Oliver’s correct assertion that there is a distinction between Hamas and the people of Gaza, as well as his long but facile explanation of the lack of control Gaza civilians have over their government, both miss the point, which is simply this: In the wake of the October 7 massacre, Israelis can no longer be expected to live with Hamas on their border. Unless the people of Gaza turn over Hamas members to the IDF and stop allowing themselves to be used as human shields, Israel has a right to remove Hamas by any means necessary.

That this is an unspeakable tragedy for the people of Gaza is undoubtedly true. Those who are truly concerned should be calling on Hamas to end the bloodshed by immediately surrendering. Instead, Oliver effectively is calling on Israel – the party that was attacked – to do so.

Oliver’s many other inaccuracies, distortions and material omissions about the conflict include:

  • Using Hamas casualty figures without caveat.
  • Asserting that settlements “are widely understood to be against international law,” when in fact there is no consensus on the matter, and in any event, law is not decided by what is “widely understood.”
  • He claimed that, “in response [to the October 7 attack], Israel has launched what’s now become a month-long siege of Gaza, cutting off nearly all water, food, electricity, and fuel to the territory.” But just two weeks before his segment, the New York Times admitted that Hamas had food, water and fuel stockpiled.
  • He said, “I’m not going to get into the thousands of years of generational trauma informing the response to this, including the Holocaust, and the Nakba, or mass violent displacement of Palestinians, during and after Israel’s founding.” Of course there was no mass violent displacement of Palestinians at Israel’s founding. While some Palestinians may have been expelled, most fled from a war that Arab nations started along with their Palestinian Arab allies. This also puts the Holocaust on equal footing with an event of the Palestinian Arabs’ own making.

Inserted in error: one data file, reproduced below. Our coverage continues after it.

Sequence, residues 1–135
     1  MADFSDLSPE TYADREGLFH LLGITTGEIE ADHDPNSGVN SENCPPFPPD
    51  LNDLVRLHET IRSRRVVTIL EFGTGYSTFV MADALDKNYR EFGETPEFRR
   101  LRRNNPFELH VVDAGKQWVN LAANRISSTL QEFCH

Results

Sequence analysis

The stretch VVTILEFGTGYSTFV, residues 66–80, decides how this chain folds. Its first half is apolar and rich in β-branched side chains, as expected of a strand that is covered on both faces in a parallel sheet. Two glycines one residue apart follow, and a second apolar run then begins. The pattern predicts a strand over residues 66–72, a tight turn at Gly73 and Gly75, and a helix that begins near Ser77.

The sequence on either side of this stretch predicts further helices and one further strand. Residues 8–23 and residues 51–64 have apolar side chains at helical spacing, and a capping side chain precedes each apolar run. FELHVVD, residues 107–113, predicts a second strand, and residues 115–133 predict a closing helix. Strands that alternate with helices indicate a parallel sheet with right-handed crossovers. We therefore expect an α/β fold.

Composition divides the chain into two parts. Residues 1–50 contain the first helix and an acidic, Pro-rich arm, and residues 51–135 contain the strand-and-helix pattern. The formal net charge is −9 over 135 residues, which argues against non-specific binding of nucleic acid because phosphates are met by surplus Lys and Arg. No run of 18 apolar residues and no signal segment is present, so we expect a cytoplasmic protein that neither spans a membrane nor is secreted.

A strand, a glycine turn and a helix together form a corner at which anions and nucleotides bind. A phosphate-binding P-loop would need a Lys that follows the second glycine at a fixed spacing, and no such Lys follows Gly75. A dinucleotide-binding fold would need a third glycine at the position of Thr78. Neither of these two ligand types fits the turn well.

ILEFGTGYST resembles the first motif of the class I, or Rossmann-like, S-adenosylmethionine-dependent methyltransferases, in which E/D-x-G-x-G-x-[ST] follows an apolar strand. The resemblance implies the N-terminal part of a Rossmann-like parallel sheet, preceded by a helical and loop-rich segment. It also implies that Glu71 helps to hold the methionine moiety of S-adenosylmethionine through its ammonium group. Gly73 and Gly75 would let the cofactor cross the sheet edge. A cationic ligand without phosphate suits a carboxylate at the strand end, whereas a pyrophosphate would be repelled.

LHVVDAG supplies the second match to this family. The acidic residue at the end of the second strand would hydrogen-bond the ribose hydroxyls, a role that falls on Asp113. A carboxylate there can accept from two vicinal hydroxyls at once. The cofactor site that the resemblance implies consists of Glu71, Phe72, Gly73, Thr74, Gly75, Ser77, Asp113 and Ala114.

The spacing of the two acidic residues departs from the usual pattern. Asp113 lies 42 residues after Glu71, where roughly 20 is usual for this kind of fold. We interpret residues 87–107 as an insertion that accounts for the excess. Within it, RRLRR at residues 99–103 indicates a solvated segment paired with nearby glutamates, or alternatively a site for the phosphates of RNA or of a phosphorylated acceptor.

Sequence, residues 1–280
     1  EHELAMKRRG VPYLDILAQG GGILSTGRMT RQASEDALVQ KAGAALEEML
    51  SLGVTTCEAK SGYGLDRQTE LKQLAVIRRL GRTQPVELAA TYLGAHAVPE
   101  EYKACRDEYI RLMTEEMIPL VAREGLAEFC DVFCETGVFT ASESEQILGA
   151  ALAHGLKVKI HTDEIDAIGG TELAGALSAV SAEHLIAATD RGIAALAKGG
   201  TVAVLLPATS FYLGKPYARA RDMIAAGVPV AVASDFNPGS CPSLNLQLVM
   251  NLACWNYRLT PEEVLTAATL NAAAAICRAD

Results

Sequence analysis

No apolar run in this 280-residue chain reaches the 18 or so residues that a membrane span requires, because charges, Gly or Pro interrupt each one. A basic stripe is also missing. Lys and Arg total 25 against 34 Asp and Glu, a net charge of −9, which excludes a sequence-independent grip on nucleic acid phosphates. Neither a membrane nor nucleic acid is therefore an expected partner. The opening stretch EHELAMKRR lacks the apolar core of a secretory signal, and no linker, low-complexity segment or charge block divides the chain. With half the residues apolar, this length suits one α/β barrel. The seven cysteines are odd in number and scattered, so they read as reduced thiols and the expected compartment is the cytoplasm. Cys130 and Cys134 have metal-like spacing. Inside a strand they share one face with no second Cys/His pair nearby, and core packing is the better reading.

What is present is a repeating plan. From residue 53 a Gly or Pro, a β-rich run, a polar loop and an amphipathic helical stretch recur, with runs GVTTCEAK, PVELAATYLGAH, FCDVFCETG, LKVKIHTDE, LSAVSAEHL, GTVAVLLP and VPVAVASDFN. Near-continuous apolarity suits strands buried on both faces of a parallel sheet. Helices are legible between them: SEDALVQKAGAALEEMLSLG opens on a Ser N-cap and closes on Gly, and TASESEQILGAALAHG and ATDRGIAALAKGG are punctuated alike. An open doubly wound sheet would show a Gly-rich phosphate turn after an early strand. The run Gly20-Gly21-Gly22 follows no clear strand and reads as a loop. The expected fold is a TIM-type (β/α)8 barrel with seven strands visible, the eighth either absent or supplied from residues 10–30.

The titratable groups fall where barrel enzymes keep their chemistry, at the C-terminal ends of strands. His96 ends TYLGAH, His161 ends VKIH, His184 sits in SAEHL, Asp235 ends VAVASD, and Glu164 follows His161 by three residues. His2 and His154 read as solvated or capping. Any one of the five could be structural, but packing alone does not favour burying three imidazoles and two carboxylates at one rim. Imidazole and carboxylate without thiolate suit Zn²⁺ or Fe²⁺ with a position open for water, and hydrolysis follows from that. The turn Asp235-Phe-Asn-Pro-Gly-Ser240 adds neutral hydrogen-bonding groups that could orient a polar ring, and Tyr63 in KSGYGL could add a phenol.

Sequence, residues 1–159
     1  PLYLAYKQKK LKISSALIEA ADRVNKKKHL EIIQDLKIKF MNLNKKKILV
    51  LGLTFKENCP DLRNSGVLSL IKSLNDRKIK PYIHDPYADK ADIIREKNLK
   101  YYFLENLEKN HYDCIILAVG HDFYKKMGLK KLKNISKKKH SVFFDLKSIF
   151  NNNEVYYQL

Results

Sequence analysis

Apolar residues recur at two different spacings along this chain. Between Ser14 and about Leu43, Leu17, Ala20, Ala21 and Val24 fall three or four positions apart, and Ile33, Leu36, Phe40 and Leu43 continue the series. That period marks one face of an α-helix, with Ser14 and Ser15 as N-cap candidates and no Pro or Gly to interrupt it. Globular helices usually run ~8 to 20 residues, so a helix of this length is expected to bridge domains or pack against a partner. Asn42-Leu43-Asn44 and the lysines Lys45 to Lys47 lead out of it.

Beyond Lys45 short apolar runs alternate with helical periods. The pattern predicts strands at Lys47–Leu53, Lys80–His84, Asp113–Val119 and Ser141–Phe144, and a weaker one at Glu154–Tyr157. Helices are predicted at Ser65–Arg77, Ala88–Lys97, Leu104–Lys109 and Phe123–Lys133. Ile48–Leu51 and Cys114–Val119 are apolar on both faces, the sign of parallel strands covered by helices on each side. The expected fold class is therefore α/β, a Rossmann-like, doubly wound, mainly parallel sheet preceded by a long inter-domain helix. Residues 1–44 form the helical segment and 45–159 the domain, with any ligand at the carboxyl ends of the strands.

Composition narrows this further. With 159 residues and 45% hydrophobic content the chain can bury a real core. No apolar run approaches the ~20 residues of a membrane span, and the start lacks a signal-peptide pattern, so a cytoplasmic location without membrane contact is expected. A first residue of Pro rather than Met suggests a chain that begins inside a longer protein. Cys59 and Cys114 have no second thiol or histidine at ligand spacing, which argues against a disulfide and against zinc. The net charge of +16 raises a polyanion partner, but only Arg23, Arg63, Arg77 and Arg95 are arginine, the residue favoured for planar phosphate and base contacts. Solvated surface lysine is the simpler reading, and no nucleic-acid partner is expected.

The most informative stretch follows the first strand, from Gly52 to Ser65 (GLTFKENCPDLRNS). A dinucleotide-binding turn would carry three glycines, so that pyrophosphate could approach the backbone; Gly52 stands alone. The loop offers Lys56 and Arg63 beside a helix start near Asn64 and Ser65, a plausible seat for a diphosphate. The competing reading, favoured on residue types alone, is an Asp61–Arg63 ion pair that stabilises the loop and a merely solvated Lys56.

• While Oliver mentioned some of Hamas leader Ghazi Hamad’s comments, he omitted the worst part. He said, “This senior Hamas official, Ghazi Hamad, recently doubled down on the massacre of October 7 by saying, ‘We must teach Israel a lesson, and we will do it twice, and three times.’” But Hamad was even more specific, also saying, “the Al-Aqsa Flood [i.e., the October 7 attack] is just the first time, and there will be a second, a third, a fourth, because we have the determination, the resolve, and the capabilities to fight. Will we have to pay a price? Yes, and we are ready to pay it. We are called a nation of martyrs, and we are proud to sacrifice martyrs.”